When you arrive at the Curaçao International Airport, you’re greeted by not only the warm breeze and friendly smiles, but also with a sign that says Bon Bini or Welcome in the local language called Papiamento. Revered for its sandy beaches and cosmopolitan flair, what also make Curaçao inimitable are the many languages spoken by islanders.

Although Dutch is the official language and English and Spanish are widely spoken, a mélange of Spanish, Portuguese, Dutch, French, English, African and Arawak Indian called Papiamento is also heard on the Dutch islands of Curacao, Aruba and Bonaire.  One of just a few Creole languages that have survived to the present day, Papiamento is based on words in the Spanish and Portuguese dictionary. Derived from the Spanish “papear” or “to speak, historians believe Papiamento originated in the 17th century as a means of communication between West African slaves and their Portuguese masters. Today, Papiamento is spoken by virtually everyone in the Dutch Caribbean and while various nations have governed Curaçao over the years, Papiamento remains the favored language of locals.

“We call Papiamentu ‘Tutti Frutti’, said Andre Rojer, marketing manager, Curaçao Tourist Board, ” because it represents the wonderful mixture of people and cultures that make up Curaçao.”  Visitors who with speak or understand Spanish, French or Dutch, are able to quickly learn a few phrases in Papiamento like ‘kon ta bo number’ which means ‘what’s your name, ‘mi ta bai bon, danki’ which translates to a simple ‘I am fine, thank you’ and the word ‘dushi ‘which you’d use to grab the attention of your sweetie.

Linguistic scholars believe islanders have an instinctive flair for languages as words and phrases from four or five different languages are often heard in one conversation. Taxi drivers, tour guides and hotel staff are pleased to teach their guests a few phrases while tourists with savoir-faire enjoy reading the island newspaper called La Prensa in order to become familiar with Papiamento.

Eugene Clements is the Visitor Information Officer with the Curacao Tourist Board and the unofficial ambassador of Papiamento. “I am happy to teach tourists a few words because that gives them an authentic island experience,” he says touring a family through the capital city Willemstad, “I am so proud of our destination and its many unique aspects that our tourists remember even when they go home.”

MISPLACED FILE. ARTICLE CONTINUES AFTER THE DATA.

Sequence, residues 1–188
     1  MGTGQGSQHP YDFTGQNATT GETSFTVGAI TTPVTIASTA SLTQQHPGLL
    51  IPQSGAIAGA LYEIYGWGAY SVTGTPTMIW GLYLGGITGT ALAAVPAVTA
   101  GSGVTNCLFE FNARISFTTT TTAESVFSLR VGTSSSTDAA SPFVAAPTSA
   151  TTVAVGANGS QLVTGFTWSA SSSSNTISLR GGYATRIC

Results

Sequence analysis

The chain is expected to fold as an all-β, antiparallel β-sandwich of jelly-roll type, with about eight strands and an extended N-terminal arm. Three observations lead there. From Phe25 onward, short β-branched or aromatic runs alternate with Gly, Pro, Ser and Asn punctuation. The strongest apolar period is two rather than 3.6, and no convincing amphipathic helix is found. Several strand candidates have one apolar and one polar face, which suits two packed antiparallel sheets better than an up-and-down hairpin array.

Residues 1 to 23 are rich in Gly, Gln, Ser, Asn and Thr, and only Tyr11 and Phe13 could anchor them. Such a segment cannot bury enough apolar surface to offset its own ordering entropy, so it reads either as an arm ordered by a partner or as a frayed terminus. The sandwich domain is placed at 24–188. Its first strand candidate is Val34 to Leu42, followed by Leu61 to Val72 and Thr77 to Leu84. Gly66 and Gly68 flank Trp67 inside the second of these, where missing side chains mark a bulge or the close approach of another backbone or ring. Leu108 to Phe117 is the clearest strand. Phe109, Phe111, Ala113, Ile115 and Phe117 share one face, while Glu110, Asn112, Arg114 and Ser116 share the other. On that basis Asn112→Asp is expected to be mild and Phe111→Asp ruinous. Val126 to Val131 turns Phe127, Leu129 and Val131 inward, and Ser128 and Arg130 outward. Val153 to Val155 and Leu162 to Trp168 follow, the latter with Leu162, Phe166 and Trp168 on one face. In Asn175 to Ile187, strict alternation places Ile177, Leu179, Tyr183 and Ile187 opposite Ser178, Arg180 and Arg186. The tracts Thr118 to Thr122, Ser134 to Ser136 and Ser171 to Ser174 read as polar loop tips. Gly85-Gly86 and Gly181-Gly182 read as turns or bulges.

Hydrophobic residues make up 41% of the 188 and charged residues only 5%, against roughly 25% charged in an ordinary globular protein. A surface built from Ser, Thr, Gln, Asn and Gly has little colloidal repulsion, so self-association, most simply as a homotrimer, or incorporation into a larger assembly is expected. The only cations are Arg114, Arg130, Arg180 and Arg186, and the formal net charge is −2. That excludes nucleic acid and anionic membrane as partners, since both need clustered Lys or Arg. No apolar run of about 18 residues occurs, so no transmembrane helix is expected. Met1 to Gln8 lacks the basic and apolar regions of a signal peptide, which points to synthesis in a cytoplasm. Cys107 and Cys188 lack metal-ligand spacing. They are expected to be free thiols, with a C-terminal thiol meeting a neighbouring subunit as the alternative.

Speaking Papiamento – A Primers Dictionary

Papiamentu English
Bon Bini Welcome
bon dia good day (before noon)
bon tardi good afternoon
bon nochi good evening; good night
danki thank you
por fabor please
di nada you are welcome
mi number di telefon ta … my phone number is …
bél mi call me
kon ta bai ku bo how are you?
kon ta ku bida how is life?
hopi bon very good
tremiento very good
trankilo calm
terible terrible
den gran forma in great shape (said among young people)
hopi kalor/caliente very hot/warm
ata aki / ataki here is the (the second “a” is not pronounced)
mi tin hamber I am hungry
mi ke kome I want to eat
lihe, pura, rapido fast, quick
yufrow Miss
señora Misses
mai very old lady (used instead of Miss)
mener Sir, Mr.
flet tair flat tire
sigur sure
pakiko why? (as in “what for?”)
dikon why? (as in “what is wrong with you?”)
di cón why
i and
awe today
ayera yesterday
pan bread
na cas at home
awa water
paña nobo new cloths
casá, esposa, señora spouse, wife
casá, esposo spouse, husband
cuá which
nada nothing
cu mi with me
pa mi for me
tur cos everything
tur hende everybody
tur caminda everywhere
mainta morning
merdía noon
tramerdia afternoon
ningun hende nobody
sin without
si if
bon good

Courtesy –  www.papiamento.com/

Days of the week

English Papiamentu
Sunday dia domingu
Monday dia luna
Tuesday dia mars
Wednesday dia rason
Thursday diaweps
Friday diabièrne
Saturday dia sabra

Months of the Year

English Papiamentu
January januari
February feruari
March maart
April april
May mei
June juni
July juli
August augustus
September september
October october
November november
December december


  • kwanto esaki ta costa: How much does this cost
  • Mi ta wak rond: Looking around, browsing
  • Ban dal un trip: Lets go out on a trip
  • Banco: The Bank
  • Plaka: Money
  • Ki pelicula ta hunga awe?: What movie is playing today
  • keds: Sneakers
  • sapato: Shoes
  • den caya: In the town
  • Mi tin sed: I’m thirsty
  • Mi tin hamber: I’m hungry
  • Ban kas: Lets go home
  • Botica: Drugstore